How to Stop Incessant Fights from Ruining Your Relationship

By David

May 29, 2013   •   Fact checked by Dumb Little Man

Do you sometimes feel unnecessary fights with your significant other are sapping the time and energy out of your life?

I know I did. Until less than a year ago the fights between me and my husband were quite literally incessant. Our weekends and holidays were completely dedicated to this favorite sport of ours. When we were too bored with our jobs we’d even keep the sweet nothings (somethings) flowing over the phone.

Like all addictions, this little hobby of ours also started taking its toll on our bodies and minds pretty quickly, not to mention our relationship. I think I’d have lost my sanity completely, if it wasn’t for something in me which woke up one fine morning and said, “I’ll not fight anymore, no matter what.”

This was not easy, as you’d know if you have any experience with fighting as a couple (and you do ;)). But if I had to keep an iota of my peace intact, I couldn’t afford not to take that firm decision.

It was then that I saw the dangerous Abysses of Logic we were drowning ourselves in, and fashioned my own strategy – the Deflection Technique – to eliminate them from our lives once and for all.
That’s what I’m going to talk about today.

What’s an Abyss of Logic?

Let’s take an example.

Jane: “Have you forgotten to water the plants again?”

John: “Jane, I hope you remember it’s you who’s been keeping too busy for the past two days to remember anything about picking up the groceries.”

A possible reply to this can be: “I know I forgot about groceries, but it’s not like we had to starve for it – we already had more than enough stuff. On the other hand if the plants are utterly neglected every day like this they’ll just die – there’s no fall back option, unlike in case of the groceries.”

You see what’s happening here? The “discussion” had started with Jane’s simple complaint about John’s negligence of the plants. Now it has moved to a new level – that of evaluating the relative risks posed to the family by the mistakes the two individuals make.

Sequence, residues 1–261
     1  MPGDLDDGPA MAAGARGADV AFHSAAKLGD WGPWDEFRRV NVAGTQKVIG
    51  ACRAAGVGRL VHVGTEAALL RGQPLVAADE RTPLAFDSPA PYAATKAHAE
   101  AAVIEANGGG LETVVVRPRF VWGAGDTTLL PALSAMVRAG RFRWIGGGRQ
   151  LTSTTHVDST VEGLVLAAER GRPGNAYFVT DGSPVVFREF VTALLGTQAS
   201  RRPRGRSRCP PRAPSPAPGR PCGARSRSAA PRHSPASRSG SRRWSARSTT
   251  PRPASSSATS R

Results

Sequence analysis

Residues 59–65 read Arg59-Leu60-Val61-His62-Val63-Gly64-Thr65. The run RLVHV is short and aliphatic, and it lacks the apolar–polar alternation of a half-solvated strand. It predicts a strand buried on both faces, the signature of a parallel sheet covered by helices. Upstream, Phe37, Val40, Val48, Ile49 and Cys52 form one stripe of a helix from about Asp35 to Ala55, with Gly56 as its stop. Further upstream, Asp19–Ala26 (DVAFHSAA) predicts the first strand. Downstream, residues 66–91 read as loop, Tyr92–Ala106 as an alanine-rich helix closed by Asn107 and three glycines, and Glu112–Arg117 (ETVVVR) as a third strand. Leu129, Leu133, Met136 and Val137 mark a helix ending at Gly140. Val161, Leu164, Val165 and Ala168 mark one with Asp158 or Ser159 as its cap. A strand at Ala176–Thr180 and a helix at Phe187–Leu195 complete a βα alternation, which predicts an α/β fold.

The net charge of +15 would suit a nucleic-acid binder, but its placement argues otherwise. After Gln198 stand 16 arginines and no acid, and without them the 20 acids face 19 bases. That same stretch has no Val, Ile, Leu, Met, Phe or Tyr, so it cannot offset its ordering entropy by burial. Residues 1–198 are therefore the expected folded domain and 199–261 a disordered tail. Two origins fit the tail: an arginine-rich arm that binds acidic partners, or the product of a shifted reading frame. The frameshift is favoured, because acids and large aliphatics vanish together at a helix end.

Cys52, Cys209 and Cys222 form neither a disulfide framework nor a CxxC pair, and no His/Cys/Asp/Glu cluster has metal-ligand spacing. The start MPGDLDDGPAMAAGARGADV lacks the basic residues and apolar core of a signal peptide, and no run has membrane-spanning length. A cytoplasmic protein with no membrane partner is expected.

John will now retort: “Ah. So now we’re comparing your silly little plants with the most vital of our basic needs – food.”

With this, John has pushed this conversation beyond the point of no return. He has hit Jane where it hurts by trivializing something very close to her heart – the plants. This would wound Jane emotionally and she’d get into a frenzy of yelling and yapping and you know the rest.

That’s the Abyss of Logic – the use of apparently logically consistent argument to defend your position in a verbal wrestling match.

The Problem with the Abyss of Logic


Do you fight with your partner often? If yes, I can tell you that most of them are silly and meaningless. These fights don’t occur because you’re “right” and he/she is “wrong”. They occur because either of you try to take out your negative energy on the other. This negative energy can be produced by annoyances caused by your partner, or by completely external sources. (Be honest – have you never lashed out at your partner after having a bad day at work for no apparent reason?)  It can be tiny or all-encompassing. But whatever it is, a verbal assault on your partner is always about releasing the stress built up at that moment. Remember the following fact of life:

The only objective of silly fights is stress relief.

Ironically, taking your stress out on your partner doesn’t reduce but increase the overall stress in the system – by creating stress on your partner.